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Woodmen of the World Life Insurance Society v. Weathersbee

United States District Court, D. Nebraska

July 21, 2017




         The plaintiff, Woodmen of the World Life Insurance, has sued two of its former employees, Robert Weathersbee and Maxie Bondurant, for breach of a non-solicitation agreement. Weathersbee and Bondurant move to dismiss Woodmen's complaint under Fed.R.Civ.P. 12(b)(6). For the reasons explained below, the defendants' motion will be denied.


         Woodmen's allegations are briefly summarized as follows. In 2008, Woodmen hired Maxie Bondurant to sell life insurance and annuity products as an independent contractor. Filing 1 at 2. Three years later, in 2011, the company hired Robert Weathersbee as a recruiting salesperson. As a condition of their employment, Weathersbee and Bondurant signed an agreement which contained, among other provisions, a non-solicitation clause. Pursuant to that clause, former employees of Woodmen cannot, for a period of 2 years following the termination of their employment contract,

(i) induce or attempt to induce any WoodmenLife member or certificate owner with whom the WoodmenLife Representative did business and had personal contact during the term of this contract, to surrender, cancel, lapse, forfeit, or otherwise terminate any WoodmenLife insurance certificates or annuity certificates . . . .
(iii) induce or attempt to induce any WoodmenLife employee or sales representative with whom the [employee] actually worked and had personal contact while employed by WoodmenLife, to terminate their relationship with WoodmenLife, except to the extent such inducement or solicitation is for an enterprise that is not competitive with the business, products or services [the employee] offered or provided on behalf of WoodmenLife and cannot adversely affect WoodmenLife's relationship or volume of business.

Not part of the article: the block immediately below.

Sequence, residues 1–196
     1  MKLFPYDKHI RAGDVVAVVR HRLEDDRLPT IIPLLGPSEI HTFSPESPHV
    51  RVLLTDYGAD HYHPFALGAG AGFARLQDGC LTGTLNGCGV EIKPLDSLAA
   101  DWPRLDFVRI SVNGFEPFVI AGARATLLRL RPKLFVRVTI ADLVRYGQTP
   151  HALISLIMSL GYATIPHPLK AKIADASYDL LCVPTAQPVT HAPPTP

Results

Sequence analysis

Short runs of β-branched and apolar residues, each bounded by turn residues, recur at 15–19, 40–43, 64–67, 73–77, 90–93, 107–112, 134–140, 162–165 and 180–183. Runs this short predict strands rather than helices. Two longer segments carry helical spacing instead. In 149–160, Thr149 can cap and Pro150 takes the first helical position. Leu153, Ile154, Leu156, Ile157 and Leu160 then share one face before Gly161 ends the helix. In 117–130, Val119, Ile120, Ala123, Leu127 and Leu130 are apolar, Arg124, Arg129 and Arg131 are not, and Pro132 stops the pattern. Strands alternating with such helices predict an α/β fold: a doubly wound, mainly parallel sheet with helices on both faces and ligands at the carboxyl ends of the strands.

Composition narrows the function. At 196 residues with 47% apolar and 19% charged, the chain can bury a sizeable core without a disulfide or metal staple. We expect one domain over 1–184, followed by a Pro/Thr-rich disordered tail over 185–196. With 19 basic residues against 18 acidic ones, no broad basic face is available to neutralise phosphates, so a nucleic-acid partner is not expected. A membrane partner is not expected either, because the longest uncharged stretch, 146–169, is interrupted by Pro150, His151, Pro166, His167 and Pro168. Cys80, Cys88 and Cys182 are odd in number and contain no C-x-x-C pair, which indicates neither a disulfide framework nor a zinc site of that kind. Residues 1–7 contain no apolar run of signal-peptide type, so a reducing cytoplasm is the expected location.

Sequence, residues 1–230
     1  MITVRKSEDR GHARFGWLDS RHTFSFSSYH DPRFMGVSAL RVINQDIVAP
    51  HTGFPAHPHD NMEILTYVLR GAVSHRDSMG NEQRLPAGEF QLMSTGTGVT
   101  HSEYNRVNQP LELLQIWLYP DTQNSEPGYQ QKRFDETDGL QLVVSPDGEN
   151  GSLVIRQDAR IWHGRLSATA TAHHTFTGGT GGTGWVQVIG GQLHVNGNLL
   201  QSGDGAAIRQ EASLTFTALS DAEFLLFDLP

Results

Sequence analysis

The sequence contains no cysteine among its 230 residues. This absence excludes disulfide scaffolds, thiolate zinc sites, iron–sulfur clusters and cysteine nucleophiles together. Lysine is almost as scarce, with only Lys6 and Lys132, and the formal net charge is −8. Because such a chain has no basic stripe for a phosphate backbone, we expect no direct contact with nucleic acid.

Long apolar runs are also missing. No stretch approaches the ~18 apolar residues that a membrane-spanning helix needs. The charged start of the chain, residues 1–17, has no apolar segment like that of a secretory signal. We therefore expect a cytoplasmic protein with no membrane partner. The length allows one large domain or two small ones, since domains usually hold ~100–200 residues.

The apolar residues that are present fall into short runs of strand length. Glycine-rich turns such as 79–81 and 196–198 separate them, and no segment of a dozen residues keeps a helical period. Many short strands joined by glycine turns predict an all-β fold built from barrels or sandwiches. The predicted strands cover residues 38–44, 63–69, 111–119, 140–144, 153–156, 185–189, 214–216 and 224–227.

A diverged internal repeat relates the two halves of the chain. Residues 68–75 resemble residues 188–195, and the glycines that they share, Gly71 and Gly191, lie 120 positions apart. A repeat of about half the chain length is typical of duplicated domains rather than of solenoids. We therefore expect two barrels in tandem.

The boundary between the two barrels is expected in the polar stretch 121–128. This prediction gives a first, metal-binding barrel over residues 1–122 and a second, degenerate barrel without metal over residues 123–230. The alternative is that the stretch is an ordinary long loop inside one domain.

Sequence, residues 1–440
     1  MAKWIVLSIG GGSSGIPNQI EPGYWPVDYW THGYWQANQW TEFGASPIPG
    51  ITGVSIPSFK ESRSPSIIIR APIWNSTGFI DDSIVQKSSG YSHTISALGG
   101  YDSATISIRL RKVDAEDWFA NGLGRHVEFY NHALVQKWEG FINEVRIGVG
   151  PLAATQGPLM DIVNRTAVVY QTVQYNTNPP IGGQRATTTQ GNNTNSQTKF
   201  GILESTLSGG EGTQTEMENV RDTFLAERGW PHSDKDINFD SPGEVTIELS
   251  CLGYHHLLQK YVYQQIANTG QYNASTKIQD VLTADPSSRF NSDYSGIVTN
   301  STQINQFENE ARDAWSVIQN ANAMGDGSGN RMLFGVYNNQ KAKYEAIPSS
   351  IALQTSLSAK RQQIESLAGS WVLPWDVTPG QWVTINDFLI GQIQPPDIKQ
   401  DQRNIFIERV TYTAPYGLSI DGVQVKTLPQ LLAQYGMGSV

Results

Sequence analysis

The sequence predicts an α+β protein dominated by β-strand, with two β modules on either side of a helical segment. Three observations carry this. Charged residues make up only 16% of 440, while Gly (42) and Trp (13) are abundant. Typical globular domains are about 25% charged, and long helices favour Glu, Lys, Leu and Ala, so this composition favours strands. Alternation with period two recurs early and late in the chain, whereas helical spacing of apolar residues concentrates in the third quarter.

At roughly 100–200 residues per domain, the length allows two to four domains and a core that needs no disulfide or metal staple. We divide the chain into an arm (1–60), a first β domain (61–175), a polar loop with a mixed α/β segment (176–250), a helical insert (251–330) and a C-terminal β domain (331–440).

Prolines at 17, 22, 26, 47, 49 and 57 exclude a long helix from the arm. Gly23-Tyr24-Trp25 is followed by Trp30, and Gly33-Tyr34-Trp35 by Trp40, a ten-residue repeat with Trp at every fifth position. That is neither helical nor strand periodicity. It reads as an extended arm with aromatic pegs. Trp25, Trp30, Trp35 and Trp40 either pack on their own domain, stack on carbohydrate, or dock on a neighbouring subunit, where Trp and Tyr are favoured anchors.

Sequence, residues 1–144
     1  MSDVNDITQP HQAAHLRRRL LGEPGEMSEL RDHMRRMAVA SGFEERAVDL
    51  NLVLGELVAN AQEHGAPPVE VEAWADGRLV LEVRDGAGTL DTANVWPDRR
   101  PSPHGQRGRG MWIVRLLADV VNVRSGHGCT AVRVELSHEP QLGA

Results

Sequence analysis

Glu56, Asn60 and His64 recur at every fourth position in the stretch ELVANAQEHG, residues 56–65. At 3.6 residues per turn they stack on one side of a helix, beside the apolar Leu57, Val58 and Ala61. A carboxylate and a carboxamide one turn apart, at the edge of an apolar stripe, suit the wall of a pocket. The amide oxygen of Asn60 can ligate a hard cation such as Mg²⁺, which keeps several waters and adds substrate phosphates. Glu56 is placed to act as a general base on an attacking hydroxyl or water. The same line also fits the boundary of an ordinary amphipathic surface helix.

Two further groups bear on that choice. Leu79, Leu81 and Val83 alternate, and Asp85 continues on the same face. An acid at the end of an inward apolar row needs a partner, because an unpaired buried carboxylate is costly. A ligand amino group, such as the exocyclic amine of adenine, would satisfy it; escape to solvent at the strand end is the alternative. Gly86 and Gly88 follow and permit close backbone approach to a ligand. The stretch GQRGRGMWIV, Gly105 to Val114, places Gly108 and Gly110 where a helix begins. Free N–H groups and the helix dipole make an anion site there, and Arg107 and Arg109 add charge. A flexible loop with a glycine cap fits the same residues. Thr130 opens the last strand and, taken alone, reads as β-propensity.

Filing 1 at 4-5; filing 1-1 at 5; filing 1-2 at 5. According to Woodmen, these provisions are necessary to protect its business interests and ensure a stable workforce. Filing 33 at 4.

         In August 2016, Weathersbee announced that he was leaving Woodmen to join TransAmerica Premier Life Insurance-a competitor of Woodmen. Filing 1 at 5. After doing so, but before his official termination date, Weathersbee allegedly contacted other Woodmen employees and encouraged them to do the same. Bondurant, Woodmen says, was one of those employees-and he, too, decided to leave Woodmen for TransAmerica.

         Woodmen claims that Weathersbee and Bondurant, upon arriving at TransAmerica, violated their non-solicitation obligations in at least two respects. First, Woodmen claims that Weathersbee and Bondurant-using information they obtained while employed with Woodmen-encouraged Woodmen's customers to transfer their insurance policies to TransAmerica. Filing 1 at 5-6. At least 11 customers did so, Woodmen says, resulting in over $850, 000.00 in damages. Filing 1 at 9. Second, Woodmen alleges that Weathersbee contacted current Woodmen employees and encouraged them to join TransAmerica's sales team. Those communications allegedly violated subsection iii of Weathersbee's agreement, which prohibits him from soliciting Woodmen employees on behalf of a competitor. Filing 1 at 4.

         Woodmen seeks injunctive relief to "to prevent Weathersbee and Bondurant from further violating their non-solicitation obligations." Filing 33 at 3; filing 1 at 11. Weathersbee and Bondurant move to dismiss Woodmen's complaint, arguing that the non-solicitation provisions are unenforceable under Nebraska law. Seefiling 23.[1]


         A complaint must set forth a short and plain statement of the claim showing that the pleader is entitled to relief. Fed.R.Civ.P. 8(a)(2). This standard does not require detailed factual allegations, but it demands more than an unadorned accusation. Ashcroft v. Iqbal, 556 U.S. 662, 678 (2009). The complaint need not contain detailed factual allegations, but must provide more than labels and conclusions; and a formulaic recitation of the elements of a cause of action will not suffice. Bell Atl. Corp. v. Twombly, 550 U.S. 544, 555 (2007). For the purposes of a motion to dismiss a court must take all of the factual allegations in the complaint as true, but is not bound to accept as true a legal conclusion couched as a factual allegation. Id.

         And to survive a motion to dismiss under Fed.R.Civ.P. 12(b)(6), a complaint must also contain sufficient factual matter, accepted as true, to state a claim for relief that is plausible on its face. Iqbal, 556 U.S. at 678. A claim has facial plausibility when the plaintiff pleads factual content that allows the court to draw the reasonable inference that the defendant is liable for the misconduct alleged. Id. Where the well-pleaded facts do not permit the court to infer more ...

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